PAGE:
Music

CMJ 2009: Day 2 - Free Energy + Ungdomskulen + Deastro + Cymbals Eat Guitars

The CMJ Music Marathon and Film Festival invades New York City this week. Here's the latest from PopMatters' writers on the beat. Words and Pictures by Thomas Hauner

Free Energy

Santos Party House, New York City

“This is all we got tonight,” sang Free Energy in raggedy, homespun harmonies. It was the sentiment, however, not the vocals, which resonated in their early set. They played an agreeable synthesis of classic, at times psychedelic, rock (two raging, and dueling, Epiphone Les Pauls) and post-punk dance music (propulsive rhythms and a skinny, dancing front man), instantly becoming the best bar band around without even playing a cover. Whether their sound could convince a dance floor is dubious, despite their tambourine and cowbell qualifications. As new additions to the DFA family, though, I’m sure I’ll be proven wrong reasonably soon.

Ungdomskulen

Santos Party House, New York City

Melodic cowbells and distortion drenched guitar and six-string bass lines were at the top of the order for this Norwegian trio. While their meandering metal melodies ebbed and flowed with precision and force (not unlike an Allman Brothers twilight zone) their sound was pretty much upstaged by their blinding stage moves—and ridiculously bedazzled outfits. Their last song, “Spartacus,” was defacto dance metal, with hard charging distorted progressions, shouts and response, and the constant leg kicks and jumping to top even the best exercise video. The band more or less personified Red Bull: European, energetic, daring, reckless, and relentless.

Deastro

Santos Party House, New York City

I’ve never understood the type of band that plays CMJ only to spend at least half their brief set up time hanging up their own primitive lighting scheme. With Christmas lights out of the way Deastro, the alter-ego of Randolph Chabot, proceeded with a set that was mostly one-man-band karaoke, augmented with a live bass player and Chabot’s haphazard guitar-strumming. Mostly Chabot seemed like he was running late and, consequently, his equipment was splayed all over the stage. His disheveled set followed suit. The only highlight was “Kurgan Wave Number One” when Chabot wrapped himself in his holiday lights belting, “Where were you when I needed you.”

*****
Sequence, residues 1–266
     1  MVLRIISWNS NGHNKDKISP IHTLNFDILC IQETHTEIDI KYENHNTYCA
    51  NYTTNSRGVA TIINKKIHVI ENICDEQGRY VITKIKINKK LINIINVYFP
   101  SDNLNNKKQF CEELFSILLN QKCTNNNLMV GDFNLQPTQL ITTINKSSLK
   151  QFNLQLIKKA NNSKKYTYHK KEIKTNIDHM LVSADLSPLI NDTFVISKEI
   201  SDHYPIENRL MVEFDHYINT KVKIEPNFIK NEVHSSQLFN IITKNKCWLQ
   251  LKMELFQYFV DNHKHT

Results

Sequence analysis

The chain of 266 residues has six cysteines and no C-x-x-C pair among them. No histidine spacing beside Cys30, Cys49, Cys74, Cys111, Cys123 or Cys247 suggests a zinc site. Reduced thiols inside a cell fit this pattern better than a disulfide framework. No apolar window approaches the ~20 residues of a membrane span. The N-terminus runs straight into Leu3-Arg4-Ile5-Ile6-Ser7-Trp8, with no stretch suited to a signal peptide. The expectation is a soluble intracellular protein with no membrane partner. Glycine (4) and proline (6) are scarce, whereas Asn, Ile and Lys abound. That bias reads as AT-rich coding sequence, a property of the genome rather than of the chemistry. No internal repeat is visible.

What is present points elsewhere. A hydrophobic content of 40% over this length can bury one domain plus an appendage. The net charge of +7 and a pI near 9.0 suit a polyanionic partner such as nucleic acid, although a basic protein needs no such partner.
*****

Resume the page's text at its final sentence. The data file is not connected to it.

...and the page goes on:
Cymbals Eat Guitars

Santos Party House, New York City

At this point in the night I still hadn’t heard the bass of Santos’ sound system rumble. So viscerally therapeutic it’s like luging down a gravel sledding hill. It’s profound to say the least. Instead Joe D’Agostino, or Joe Ferocious, as he confirmed, led his band through a sweaty, fast, and robust set of garage rock Wednesday night, his guitar tearing through the room. After what seemed like perspiring a gallon and setting some sort of strumming-rate milestone, D’Agostino et al had the relatively full crowd enthralled--thanks to the triangle the keyboardist was packing no doubt.



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